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Throughout December we will be revealing Cycling Weekly‘s top 50 British riders of the year.

We’re getting well into the list now – you can see who has made the list so far by clicking on the links below.


David Millar didn?t win a race in 2008, which must be a strange feeling. It was a steady season, though by no means unspectacular.

His new start with the Slipstream-Chipotle (later to become Garmin-Chipotle) team, got off on the right footing. He was second overall in the Tour of California, arguably the team?s second biggest objective.

Millar had targeted Paris-Nice but his challenge came undone in the cold after he succumbed to illness.

He reached the Giro d?Italia in great form. The way he rode in the opening team time trial in Palermo deserves great recognition. It showed he does not just talk the team spirit talk, he?s prepared to lay it on the line for others too. He emptied himself onto the roads with some monster turns in the final third of that stage knowing that he may blow before the finish, get dropped and sacrifice his own pink jersey dreams.

It paid off, though, as Slipstream won the stage and Christian Vande Velde took the lead. It is notable, too, that when it came to hoisting Vande Velde aloft on the podium that day, Millar was on hand to grab a leg and lift his team-mate into the air.

You had to feel for him a few days later when he made the break of the day and looked poised to challenge for the stage win only for his chain to snap as they approached the final kilometre.

Agonising stuff and you couldn?t blame Millar for hurling his Felt bike over the barriers.

He was tiring by the end of the Giro and was a disappointing 13th in the final time trial.

Seeing the way he defended his national championship title in Yorkshire showed that Millar was ready for a good Tour de France. That day he was one of the strongest and helped split the race to pieces.

The Tour was another bitter-sweet experience. If you had said to him ?You?ll beat Cancellara in the Cholet time trial? I bet he?d have counted on victory. Instead, he was third, slipping behind Kim Kirchen on fractions of a second. The winner? Stefan Schumacher.

I wonder if he believes in karma, because that was just cruel. At Saint-Amand-Montrond he was good, but not good enough. Fifth and he finished the Tour for the sixth time tired. A look at his results after July suggests he was cooked and next year, Jonathan Vaughters says, he will ride just one major tour, the Tour.


So, you?re 20 years old (as Ian Stannard was at the start of the season) you?re a first-year pro and you?re off to Belgium. Perhaps you?ll get to ride one or two of the semi-Classics, get a taste of what the big-time might be like.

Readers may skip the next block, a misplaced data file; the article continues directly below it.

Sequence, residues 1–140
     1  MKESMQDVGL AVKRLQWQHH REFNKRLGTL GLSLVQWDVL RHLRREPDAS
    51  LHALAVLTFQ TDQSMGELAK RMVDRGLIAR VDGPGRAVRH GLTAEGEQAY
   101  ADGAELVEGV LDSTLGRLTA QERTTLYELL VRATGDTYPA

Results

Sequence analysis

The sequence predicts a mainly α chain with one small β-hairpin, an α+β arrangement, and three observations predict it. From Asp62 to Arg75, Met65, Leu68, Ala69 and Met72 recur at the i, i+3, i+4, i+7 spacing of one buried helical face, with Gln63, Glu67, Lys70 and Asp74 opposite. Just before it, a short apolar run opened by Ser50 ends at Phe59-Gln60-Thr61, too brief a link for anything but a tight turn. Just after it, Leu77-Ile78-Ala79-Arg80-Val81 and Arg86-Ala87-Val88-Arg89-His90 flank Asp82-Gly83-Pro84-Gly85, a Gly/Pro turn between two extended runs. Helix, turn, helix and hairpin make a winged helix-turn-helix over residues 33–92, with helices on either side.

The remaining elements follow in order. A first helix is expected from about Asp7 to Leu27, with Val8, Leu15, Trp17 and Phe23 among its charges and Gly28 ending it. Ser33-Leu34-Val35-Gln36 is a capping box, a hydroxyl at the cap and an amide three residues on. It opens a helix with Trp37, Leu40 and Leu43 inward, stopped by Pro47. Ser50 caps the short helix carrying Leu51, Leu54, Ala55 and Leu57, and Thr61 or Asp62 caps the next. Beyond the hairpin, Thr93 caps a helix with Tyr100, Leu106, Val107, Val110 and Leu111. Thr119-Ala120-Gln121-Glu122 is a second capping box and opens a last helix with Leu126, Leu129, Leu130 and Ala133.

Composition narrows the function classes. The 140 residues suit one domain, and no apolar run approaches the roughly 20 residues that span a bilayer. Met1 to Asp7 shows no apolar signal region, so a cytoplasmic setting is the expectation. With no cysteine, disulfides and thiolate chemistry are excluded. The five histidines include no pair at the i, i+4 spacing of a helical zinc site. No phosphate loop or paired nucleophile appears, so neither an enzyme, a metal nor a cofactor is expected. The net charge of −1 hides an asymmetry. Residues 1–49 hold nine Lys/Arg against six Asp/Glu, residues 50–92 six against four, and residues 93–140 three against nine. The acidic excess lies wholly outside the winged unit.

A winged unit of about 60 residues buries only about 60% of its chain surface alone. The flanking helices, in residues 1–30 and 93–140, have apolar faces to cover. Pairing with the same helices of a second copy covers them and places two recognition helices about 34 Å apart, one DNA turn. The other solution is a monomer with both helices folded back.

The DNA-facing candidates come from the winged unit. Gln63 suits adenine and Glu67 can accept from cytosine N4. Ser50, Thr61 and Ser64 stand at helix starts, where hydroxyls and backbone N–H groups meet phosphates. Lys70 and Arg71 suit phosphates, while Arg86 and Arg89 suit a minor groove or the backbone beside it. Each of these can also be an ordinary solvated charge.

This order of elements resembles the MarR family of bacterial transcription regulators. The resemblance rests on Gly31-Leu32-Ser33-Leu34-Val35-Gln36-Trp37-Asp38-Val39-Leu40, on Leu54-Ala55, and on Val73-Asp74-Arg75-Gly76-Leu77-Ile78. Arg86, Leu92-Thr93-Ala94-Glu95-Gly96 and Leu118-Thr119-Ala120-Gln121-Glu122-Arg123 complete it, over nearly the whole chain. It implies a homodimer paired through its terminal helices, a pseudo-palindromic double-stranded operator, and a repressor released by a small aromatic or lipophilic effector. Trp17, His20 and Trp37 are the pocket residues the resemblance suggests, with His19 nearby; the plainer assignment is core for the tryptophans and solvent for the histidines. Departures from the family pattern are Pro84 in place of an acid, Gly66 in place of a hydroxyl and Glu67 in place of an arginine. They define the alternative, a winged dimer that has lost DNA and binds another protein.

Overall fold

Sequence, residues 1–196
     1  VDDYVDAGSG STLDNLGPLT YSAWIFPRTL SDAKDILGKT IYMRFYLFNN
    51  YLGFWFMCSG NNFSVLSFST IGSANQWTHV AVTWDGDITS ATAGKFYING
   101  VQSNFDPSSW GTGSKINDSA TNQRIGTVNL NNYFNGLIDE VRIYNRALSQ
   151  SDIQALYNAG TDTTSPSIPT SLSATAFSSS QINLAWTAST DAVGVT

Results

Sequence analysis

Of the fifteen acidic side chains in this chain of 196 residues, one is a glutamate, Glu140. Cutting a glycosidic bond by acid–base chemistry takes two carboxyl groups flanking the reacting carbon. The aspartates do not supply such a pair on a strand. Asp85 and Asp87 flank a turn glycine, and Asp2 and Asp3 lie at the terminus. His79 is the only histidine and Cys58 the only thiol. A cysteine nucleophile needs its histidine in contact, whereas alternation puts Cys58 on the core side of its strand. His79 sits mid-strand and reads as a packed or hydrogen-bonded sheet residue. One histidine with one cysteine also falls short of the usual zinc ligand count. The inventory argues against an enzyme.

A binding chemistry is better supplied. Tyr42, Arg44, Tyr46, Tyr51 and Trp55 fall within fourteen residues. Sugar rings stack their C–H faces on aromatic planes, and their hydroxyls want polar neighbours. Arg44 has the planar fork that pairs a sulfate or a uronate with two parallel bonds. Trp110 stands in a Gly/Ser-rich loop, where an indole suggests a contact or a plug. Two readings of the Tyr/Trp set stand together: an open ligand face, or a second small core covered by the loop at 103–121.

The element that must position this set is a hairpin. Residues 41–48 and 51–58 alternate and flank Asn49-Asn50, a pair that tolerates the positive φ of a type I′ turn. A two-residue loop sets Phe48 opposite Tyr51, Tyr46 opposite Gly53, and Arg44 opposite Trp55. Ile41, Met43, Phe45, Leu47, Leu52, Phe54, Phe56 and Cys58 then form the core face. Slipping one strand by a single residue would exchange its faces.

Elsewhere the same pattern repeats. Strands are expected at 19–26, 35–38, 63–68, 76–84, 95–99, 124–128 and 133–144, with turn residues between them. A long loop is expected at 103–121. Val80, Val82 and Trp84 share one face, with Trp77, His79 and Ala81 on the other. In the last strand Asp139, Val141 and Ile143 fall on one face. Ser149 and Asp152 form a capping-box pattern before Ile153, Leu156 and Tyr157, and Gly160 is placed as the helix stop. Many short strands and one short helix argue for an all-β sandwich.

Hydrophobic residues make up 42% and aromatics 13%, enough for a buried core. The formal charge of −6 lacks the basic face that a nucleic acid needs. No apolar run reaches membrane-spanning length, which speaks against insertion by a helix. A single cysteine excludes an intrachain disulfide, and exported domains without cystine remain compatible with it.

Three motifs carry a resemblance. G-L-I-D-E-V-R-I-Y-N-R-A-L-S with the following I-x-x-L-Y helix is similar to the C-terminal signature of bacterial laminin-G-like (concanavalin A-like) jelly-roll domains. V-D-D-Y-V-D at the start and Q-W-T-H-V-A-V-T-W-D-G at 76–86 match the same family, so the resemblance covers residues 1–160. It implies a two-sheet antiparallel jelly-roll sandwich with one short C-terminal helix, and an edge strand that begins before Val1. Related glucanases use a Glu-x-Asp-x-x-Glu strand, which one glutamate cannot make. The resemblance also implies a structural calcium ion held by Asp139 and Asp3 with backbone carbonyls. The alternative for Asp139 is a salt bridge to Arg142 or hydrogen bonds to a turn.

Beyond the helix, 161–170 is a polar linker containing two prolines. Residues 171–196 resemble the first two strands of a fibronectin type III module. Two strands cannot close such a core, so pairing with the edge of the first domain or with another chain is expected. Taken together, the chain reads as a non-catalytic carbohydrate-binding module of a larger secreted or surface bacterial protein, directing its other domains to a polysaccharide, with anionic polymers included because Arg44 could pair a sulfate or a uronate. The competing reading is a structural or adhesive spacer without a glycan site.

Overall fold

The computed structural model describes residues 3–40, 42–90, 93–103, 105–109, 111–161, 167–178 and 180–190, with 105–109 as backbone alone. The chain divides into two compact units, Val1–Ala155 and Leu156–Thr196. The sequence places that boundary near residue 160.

As Mark Cavendish says: ?For me, the biggest revelation of the season is Stannard. Landbouwkrediet is a hard team to ride for, renowned for being disorganised. Stannard went there and did every race. Every single Classic and every single stage race during the Classics. You don?t get many Belgians who do that, let alone a first-year pro.

?He made that break in Schedeprijs and the next day he does the GP Denain and finishes. That takes some doing full stop.?

The rider from Milton Keynes has got a big engine, there?s no doubt about it. He says he likes nothing more than just riding all day and getting up and doing it again. That is a trait that will come in very handy.

How many first-year pros complete the Tour of Flanders, Ghent-Wevelgem and Paris-Roubaix at the first attempt? Not many. Those races have a hidden code of their own that takes years to learn. He finished Criterium International, the Three Days of De Panne, the Four days of Dunkirk, the Tour of Belgium and the Tour of Luxembourg in the first half of the season.

His programme from July onwards was very light, but that?s due to Landbouwkrediet more than anything. Stannard finished third in the Tour of Britain, which again is a fine result for a 21-year-old.

It was looking like he?d be heading back to Landbouwkrediet until he signed with the Italian ISD squad for 2009. It?s a one-year deal. If the British pro team is up and running for 2010, I?d make a large bet that Stannard will be part of it.


December 7: No. 38 Daniel Fleeman and 37 Matt Crampton

December 6: No. 40 Jessica Allen and 39 Daniel Lloyd

December 5: No. 42 David Daniell and 41 Dean Downing

December 4: No. 44 Steve Peat and 43 Anna Blyth

December 3: No. 46 Jonny Bellis and 45 Jess Varnish

December 2: No. 48 Luke Rowe and 47 Michael Hutchinson

December 1: No. 50 Katie Colclough and 49 Chris Froome


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